Of course, there are other much more affordable luxury options that aren't Chanel or Hermès. For instance, Coach is a good entry-level luxury brand that has bags that are under $1,000. Gucci is another option, especially for people who are interested in trendy, high-end options.
For instance, the classic Gucci GG Marmont costs $3,200 and the funkier small messenger bag costs even less at $2,890. Likewise, you can also consider Yves Saint Laurent's Lou Camera bag that costs just under $2,000.
How to spend on luxury items responsibly
When it comes to spending a lot of money on any discretionary purchase, it's important that you know how to do it responsibly to avoid damaging your finances. For instance, while it may be tempting to max out your credit card or take out a personal loan and pay back the purchase over several months, you'll actually end up paying way more for your purchase than if you had paid for it in full.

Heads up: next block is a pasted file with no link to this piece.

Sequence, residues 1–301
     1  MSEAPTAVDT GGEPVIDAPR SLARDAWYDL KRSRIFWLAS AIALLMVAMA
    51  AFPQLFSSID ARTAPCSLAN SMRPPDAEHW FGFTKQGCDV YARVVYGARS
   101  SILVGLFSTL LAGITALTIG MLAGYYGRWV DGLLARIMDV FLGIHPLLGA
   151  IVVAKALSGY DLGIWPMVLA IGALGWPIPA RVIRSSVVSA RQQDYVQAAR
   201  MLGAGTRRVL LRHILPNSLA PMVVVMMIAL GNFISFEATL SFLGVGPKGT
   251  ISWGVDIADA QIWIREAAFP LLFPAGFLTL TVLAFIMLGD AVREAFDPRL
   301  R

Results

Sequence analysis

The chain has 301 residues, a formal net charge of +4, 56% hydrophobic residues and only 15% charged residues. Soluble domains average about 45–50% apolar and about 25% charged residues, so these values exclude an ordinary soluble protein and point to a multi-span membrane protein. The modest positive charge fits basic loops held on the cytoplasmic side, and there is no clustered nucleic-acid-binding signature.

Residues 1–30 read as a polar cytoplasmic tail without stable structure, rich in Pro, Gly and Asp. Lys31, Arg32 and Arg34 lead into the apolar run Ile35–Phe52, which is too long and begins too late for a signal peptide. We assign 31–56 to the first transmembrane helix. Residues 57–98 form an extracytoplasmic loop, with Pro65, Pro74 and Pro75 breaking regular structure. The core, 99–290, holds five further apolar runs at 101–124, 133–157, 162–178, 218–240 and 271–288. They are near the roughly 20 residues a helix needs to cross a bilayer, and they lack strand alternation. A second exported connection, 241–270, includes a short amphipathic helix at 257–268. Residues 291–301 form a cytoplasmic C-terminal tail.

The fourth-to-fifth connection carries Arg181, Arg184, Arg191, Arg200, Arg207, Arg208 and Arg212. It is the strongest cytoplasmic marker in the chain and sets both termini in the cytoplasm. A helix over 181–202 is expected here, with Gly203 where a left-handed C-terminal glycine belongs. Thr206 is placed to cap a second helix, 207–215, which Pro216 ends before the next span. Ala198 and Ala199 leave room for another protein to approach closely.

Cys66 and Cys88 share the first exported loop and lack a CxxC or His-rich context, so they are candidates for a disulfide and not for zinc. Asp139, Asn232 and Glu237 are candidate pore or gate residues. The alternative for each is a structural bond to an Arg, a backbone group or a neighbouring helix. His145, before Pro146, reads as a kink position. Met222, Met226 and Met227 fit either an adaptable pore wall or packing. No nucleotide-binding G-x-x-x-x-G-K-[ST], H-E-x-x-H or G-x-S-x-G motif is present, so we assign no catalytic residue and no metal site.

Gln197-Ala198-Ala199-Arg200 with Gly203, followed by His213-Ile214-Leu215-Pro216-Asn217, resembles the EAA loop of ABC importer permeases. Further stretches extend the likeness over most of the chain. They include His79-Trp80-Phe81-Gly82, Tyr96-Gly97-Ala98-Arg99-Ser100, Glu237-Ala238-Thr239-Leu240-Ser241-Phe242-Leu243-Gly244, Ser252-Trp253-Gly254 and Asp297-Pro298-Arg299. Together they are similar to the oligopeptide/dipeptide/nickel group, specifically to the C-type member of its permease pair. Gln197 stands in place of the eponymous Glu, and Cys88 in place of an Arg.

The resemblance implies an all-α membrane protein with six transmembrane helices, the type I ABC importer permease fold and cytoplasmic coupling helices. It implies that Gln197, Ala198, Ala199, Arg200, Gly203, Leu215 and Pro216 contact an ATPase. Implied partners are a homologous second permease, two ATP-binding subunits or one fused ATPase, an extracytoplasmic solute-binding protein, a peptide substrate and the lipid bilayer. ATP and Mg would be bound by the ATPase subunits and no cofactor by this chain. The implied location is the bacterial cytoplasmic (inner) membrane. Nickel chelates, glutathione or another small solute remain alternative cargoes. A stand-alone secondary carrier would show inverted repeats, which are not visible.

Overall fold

Not paying off your balance in full on your credit card will end up costing you an average of 25 per cent in interest per month on your remaining balance. Similarly, the average personal loan interest rate of 9.28-10.23 per cent will mean you can end up paying an extra 10 per cent more on your purchase.
To avoid the trap of paying hundreds of extra dollars to your bank, you should only buy what you can afford to pay off immediately.
If you don't have enough funds for the exact version you want, you can opt for a cheaper model of the item, look for a secondhand version or wait until you have enough money. You can also use an unlimited cashback card that will give you a percentage off in the form of cash back on purchases from brands that don't typically go on sale.
That being said, while it's nice to upgrade to better quality items, don't confuse the price with the quality. If you are spending thousands of dollars on an item, you should make sure the quality is on par with your expectations.
Furthermore, you have to actually like the item you are purchasing. Sure a Chanel bag is nice to show off, but if you hate what it looks like, then you may end up regretting the purchase down the line.
This article was first published in ValueChampion.